Dr. Roger Olson on the Baptist Tradition [Voices from the Branches]


{This is the fifth installment of a series on Christian traditions called Voices from the Branches–a collection of interviews with pastors, bloggers, and scholars from various traditions. Read more about it here.}

Dr. Roger Olson is Foy Valentine Professor of Christian Theology of Ethics at George W. Truett Theological Seminary of Baylor University. Before Truett, he taught at Bethel College in St. Paul, MN. He has written numerous books, including: 20th Century Theology (co-authored with the late Stanley Grenz), The Story of Christian TheologyThe Westminster Handbook to Evangelical Theology, Arminian Theology: Myths and Realities, Reformed and Always Reforming: The Postconservative Approach to Evangelical Theologyand Against CalvinismDr. Olson also hosts a blog on Patheos where he writes on theology and ethics from an Evangelical Arminian perspective.

Tell us your story. How did you end up in the Baptist tradition?

20091021_rr_50497I grew up in a northern Pentecostal denomination which was not all the different from Baptist. I attended an evangelical Baptist seminary and, while there, decided I “fit” better as a Baptist than as a Pentecostal. I no longer believed in the Pentecostal distinctive doctrine of speaking in tongues as necessary for Spirit baptism. I have never joined a Baptist group that rejected the contemporary reality of the supernatural gifts of the Holy Spirit. In some ways I am and have been a “bapticostal.” I still believe, with some other Baptists, in the reality of the subsequent-to-conversion experience of being filled with the Holy Spirit.

Give us a brief introduction to the Baptist tradition. How did it begin?

This would take a long time to answer. In brief, as I understand it (not all Baptists agree), the Baptist tradition began with the Radical Reformation in Switzerland in 1525 with the “Swiss Brethren” (first Anabaptists). The tradition we call “Baptist” (as distinct from Anabaptist) began in 1610 with Thomas Helwys and John Smyth in the Netherlands. They were English congregationalists who fled to Holland to escape British persecution. There they came under the influence of Mennonites (Anabaptists) and adopted believer baptism. I regard Baptists as part of the larger “baptist” tradition including Mennonites and Pentecostals.

What are the distinguishing doctrines of Baptist theology?

The one main doctrine that is relatively unique to Baptists (with a capital “B”) is “soul liberty” or “soul competency.” It is the idea that the individual Christian needs no human mediator to relate to God. Baptists think other Protestants do not take this as seriously as we do. Baptists share with all baptists belief in separation of church and state, believer baptism as sign of conversion/regeneration (necessarily following that), and congregational church polity.

Tell us about the variations in the Baptist tradition as far as denominations go.

Again, this would require a book to fully answer. The Handbook of Denominations (Abingdon Press) lists twenty-some denominations as “Baptist.” There is good reason to believe there are at least 57 varieties of Baptists (not including all “baptists”) in America alone. There’s a Caribbean form of Baptist known as “Spiritual Baptists” that practices a form of communication with the dead. Their worship is extremely emotional. At the other extreme there are “high church” Baptists that are very liturgical and theologically liberal. There are fundamentalist Baptists and even “Full Gospel” (Pentecostal) Baptists. The varieties are many and the diversity great.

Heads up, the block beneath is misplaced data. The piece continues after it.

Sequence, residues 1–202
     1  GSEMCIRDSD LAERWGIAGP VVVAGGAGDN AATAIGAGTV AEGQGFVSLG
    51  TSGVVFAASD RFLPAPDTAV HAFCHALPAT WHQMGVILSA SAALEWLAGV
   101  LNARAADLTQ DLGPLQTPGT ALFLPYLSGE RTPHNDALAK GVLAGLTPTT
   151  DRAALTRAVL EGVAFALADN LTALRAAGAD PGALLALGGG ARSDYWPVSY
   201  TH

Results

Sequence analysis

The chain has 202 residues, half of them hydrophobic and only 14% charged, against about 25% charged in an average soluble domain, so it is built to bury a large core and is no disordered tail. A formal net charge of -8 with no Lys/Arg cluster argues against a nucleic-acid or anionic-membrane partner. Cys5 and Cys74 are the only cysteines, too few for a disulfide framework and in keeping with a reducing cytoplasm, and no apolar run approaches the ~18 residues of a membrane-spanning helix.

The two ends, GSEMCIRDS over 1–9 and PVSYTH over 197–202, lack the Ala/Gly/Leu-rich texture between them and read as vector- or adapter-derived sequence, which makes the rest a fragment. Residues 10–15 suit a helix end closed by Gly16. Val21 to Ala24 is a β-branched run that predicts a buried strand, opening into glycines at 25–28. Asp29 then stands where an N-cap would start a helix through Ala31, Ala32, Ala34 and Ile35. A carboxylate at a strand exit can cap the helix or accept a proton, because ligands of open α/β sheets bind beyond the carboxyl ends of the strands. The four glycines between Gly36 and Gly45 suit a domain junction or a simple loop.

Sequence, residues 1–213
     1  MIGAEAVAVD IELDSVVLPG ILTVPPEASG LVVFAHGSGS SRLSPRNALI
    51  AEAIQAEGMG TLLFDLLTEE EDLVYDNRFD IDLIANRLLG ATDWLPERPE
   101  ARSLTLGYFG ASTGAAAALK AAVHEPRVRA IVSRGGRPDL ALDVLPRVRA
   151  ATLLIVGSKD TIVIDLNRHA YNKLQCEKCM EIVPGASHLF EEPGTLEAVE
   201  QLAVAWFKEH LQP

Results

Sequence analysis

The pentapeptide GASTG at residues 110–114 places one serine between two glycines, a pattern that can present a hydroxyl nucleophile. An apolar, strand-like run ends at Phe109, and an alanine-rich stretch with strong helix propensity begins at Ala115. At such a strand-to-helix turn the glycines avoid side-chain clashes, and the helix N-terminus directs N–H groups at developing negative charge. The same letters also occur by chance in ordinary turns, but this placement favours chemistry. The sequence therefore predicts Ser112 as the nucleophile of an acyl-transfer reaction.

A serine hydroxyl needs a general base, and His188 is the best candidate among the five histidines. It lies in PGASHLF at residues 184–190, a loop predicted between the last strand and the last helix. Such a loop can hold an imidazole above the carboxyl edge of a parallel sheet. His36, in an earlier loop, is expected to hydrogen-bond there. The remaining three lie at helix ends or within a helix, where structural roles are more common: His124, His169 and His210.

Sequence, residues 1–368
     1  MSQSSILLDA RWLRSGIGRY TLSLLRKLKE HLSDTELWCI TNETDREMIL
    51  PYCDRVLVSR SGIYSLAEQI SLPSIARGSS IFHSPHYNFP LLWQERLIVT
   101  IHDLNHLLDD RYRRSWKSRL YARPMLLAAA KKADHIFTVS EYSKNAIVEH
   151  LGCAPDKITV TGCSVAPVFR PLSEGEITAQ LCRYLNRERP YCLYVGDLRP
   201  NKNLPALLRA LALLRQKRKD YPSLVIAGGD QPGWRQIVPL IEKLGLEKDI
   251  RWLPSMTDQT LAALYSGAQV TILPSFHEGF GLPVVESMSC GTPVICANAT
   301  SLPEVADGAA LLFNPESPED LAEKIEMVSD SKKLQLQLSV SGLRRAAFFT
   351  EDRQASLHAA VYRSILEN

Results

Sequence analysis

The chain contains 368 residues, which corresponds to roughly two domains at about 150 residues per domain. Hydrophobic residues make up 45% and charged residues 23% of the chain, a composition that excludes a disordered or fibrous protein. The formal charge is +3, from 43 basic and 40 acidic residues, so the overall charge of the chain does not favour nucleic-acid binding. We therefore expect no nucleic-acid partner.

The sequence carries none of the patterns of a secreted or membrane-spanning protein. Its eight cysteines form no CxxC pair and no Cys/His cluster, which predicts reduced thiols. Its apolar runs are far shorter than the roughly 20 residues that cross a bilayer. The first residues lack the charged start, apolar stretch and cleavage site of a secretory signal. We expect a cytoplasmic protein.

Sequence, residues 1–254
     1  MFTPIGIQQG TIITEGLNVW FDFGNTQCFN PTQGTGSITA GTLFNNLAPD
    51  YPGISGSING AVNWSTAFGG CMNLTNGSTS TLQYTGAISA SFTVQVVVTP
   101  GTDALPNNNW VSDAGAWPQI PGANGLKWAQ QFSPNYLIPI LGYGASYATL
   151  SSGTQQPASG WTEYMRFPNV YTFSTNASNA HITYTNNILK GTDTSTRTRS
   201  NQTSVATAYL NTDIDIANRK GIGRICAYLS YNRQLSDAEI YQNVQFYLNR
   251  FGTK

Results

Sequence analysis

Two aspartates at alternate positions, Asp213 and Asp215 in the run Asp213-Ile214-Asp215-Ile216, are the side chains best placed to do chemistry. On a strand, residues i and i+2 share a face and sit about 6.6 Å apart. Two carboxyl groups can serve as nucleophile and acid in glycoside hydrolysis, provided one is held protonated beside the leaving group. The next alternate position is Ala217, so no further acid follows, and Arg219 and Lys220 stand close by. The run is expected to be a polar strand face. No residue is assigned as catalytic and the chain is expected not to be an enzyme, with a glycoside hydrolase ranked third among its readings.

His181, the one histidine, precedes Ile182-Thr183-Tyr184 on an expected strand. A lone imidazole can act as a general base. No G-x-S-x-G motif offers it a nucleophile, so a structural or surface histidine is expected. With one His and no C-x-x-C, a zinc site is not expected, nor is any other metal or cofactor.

What are the differences between Anabaptists and Baptists as we know them today?

In my “book” they are both “baptist” (with a small “b”). They have much in common. However, most Baptist groups do not insist on pacifism. Anabaptists (e.g., Mennonites) have historically insisted on it. Most Anabaptists baptize believers by pouring whereas most Baptists baptize by immersion. Anabaptists are much more community-centered with less individualism than Baptists.

What is the Baptist view of the separation of church and state?

Traditionally Baptists believe Christians ought not to accept privileges from the state (not available to non-profit organizations in general) or attempt to control the state (e.g., by getting laws passed that reflect distinctively religious doctrines or ethics). More importantly, perhaps, Baptists traditionally believe government should be neutral in religious matters and all persons of any faith (or none) should be free to worship (or not) as they please without interference from government.

Why are Baptists non-creedal? How do Baptist confessions/statements of faith differ from creeds?

In Baptist taxonomy a “creed” is an instrument of doctrinal accountability to which, for example, a candidate for ordination must swear allegiance. A “confession of faith” is a statement of the consensual belief of a congregation or association of congregations. Baptists do not have denominations as such; we have “conventions” and “associations” of independent congregations that are not accountable to any higher authority (e.g., a bishop or synod).

What resources would you recommend for getting more acquainted with Baptist theology?

There are many good books on Baptist theology. One widely respected scholar who writes them is Bill Leonard. His Baptist Ways: A History is magisterial. However, like many good Baptist scholars he tends not to trace the Baptist tradition back to the Radical Reformation (Swiss Brethren) in 1525. One who does is Glen Stassen. Another is William McClendon. The latter two Baptist theologians use “baptist” to gather together Baptists and other “free church” Christians under one umbrella. I personally find McClendon’s book Doctrine (volume two of his three part Systematic Theology) the best approach to baptist/Baptist theology.


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